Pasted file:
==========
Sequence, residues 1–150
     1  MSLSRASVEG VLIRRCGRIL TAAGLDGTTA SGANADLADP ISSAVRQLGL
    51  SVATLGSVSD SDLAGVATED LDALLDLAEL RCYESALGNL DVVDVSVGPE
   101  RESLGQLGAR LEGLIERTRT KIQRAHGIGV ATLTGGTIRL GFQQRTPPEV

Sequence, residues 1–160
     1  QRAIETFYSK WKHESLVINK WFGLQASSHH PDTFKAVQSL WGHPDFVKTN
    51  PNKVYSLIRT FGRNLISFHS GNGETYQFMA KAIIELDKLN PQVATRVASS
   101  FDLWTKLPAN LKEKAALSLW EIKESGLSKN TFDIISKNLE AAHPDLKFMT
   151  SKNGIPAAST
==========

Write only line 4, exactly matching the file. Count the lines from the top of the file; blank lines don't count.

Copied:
   101  RESLGQLGAR LEGLIERTRT KIQRAHGIGV ATLTGGTIRL GFQQRTPPEV